Some might also be concerned that facilities and other notable issues facing Vanderbilt Athletics were not discussed in specifics during today’s conference call. However, that doesn’t mean Turner isn’t aware of the issues and what needs to be done.
“At the end of the day it’s about providing our teams, namely our coaches and student-athletes, with the direction and resources and support that they need,” Turner said. “Clearly, there are a number of things that underpin that, but clearly revenue and facilities and other resources are depending to that. I’ll be looking forward to digging into that in short order when I get started.”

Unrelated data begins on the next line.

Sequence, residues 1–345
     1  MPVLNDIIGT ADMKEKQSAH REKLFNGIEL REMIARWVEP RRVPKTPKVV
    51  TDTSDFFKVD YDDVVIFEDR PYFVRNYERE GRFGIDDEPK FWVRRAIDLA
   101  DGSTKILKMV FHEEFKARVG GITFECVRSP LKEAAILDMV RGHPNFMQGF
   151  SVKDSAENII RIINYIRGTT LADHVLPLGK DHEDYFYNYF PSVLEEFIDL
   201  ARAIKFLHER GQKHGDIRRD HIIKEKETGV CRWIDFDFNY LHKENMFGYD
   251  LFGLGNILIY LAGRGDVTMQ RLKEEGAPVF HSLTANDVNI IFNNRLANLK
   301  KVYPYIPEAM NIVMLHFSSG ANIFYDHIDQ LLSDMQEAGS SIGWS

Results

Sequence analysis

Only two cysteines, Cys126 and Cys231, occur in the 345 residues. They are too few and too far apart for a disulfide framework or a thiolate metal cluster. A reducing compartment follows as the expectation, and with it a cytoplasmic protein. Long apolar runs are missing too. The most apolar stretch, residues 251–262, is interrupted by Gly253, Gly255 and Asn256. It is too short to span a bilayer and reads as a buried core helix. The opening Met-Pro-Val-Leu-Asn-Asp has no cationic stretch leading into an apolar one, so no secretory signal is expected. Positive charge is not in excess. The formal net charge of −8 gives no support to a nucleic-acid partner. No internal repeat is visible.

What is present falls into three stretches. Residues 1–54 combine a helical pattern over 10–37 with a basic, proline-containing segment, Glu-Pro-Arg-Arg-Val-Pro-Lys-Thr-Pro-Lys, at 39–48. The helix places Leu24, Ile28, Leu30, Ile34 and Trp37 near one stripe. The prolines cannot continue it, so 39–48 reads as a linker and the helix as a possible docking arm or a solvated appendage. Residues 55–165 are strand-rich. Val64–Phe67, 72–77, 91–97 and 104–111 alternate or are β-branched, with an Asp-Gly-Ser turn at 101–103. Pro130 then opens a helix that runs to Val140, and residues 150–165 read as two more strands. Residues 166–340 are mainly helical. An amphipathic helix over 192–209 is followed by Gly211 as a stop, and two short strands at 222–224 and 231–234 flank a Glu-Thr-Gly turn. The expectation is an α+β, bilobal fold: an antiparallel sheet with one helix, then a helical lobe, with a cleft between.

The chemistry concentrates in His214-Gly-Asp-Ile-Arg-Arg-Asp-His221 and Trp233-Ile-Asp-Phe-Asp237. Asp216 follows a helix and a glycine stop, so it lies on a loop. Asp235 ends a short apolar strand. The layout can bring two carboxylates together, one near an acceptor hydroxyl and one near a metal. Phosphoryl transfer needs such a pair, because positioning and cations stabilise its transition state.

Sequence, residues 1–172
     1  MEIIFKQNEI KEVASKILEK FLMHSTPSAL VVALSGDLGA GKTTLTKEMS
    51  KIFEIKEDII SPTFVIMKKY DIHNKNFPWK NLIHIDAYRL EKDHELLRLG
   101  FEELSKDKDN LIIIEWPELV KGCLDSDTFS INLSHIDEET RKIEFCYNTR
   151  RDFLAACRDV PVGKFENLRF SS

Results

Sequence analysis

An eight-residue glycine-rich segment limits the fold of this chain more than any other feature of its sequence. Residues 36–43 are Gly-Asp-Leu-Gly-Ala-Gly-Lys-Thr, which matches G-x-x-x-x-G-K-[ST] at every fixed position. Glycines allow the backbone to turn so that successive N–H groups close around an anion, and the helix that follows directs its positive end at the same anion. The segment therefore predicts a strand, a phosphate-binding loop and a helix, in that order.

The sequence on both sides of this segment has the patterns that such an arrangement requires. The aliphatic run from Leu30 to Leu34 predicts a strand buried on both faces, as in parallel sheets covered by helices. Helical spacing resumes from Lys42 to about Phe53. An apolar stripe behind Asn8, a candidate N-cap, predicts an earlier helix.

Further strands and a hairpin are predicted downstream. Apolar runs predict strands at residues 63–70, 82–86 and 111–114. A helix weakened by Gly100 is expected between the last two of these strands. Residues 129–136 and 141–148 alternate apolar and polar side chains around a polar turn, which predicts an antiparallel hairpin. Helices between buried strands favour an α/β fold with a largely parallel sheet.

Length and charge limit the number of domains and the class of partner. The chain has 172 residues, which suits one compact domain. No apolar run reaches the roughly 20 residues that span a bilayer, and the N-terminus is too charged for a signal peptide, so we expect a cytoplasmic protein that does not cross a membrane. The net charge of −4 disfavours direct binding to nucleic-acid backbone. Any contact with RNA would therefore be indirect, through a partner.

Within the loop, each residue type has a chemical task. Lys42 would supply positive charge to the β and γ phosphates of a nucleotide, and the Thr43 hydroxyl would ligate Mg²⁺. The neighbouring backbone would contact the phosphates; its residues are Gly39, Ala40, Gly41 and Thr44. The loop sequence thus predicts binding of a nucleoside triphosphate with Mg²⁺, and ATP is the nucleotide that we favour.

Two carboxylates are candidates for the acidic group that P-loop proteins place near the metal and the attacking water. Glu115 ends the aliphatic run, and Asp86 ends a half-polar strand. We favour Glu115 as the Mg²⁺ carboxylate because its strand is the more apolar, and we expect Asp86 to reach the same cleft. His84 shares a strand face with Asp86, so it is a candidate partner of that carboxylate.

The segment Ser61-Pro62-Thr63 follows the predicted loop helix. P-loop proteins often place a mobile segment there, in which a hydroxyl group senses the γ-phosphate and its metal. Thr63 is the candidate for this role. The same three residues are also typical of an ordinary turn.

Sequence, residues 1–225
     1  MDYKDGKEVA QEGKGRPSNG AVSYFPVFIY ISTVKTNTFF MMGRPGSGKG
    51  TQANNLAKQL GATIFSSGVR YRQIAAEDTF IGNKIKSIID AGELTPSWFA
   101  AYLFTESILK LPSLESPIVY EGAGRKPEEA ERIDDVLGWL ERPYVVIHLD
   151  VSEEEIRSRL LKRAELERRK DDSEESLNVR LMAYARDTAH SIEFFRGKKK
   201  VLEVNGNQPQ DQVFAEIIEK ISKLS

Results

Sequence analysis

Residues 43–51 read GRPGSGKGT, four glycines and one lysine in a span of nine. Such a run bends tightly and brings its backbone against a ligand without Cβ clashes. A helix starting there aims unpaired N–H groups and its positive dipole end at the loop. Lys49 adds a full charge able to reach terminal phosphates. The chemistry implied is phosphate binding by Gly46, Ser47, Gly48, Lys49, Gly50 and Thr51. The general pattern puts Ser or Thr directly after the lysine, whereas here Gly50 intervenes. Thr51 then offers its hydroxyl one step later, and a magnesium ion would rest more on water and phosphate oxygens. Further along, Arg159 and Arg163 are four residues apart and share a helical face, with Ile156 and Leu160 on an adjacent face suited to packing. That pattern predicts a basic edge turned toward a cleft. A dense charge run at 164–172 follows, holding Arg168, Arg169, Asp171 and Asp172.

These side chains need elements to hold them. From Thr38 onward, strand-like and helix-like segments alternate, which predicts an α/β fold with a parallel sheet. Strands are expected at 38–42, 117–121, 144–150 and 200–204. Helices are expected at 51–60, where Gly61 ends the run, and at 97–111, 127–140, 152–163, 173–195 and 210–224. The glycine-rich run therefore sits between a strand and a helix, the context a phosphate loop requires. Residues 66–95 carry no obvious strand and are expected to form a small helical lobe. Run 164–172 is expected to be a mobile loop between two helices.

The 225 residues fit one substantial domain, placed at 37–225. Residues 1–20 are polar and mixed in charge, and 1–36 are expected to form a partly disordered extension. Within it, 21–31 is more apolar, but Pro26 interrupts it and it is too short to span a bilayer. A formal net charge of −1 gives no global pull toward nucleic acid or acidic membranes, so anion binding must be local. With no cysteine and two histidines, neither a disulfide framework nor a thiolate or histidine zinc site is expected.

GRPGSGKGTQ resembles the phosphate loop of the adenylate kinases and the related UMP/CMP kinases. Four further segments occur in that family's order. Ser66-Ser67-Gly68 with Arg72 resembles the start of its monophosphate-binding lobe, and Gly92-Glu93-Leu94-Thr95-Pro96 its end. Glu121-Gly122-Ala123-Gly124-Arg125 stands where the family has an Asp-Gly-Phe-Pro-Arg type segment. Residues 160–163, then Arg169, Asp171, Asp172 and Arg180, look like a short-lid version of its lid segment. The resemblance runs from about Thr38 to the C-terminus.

Vanderbilt could have picked a traditional power-five athletic director for this position and operated within the framework of what happens at most power-five schools.
However, Vanderbilt is not most schools.
The biggest thing Vanderbilt needs right now is a vision for the future. Vanderbilt has reached a point in which it just needed somebody that had the vision, energy and new frame of conceptual thinking to be able to bring Vanderbilt Athletics into a new age.
Turner has the vision, the energy and the outside-the-box experience to do just that and jumpstart a new era of Vanderbilt Athletics.
That is, of course, if Chancellor Zeppos and the administration provide the spark plugs.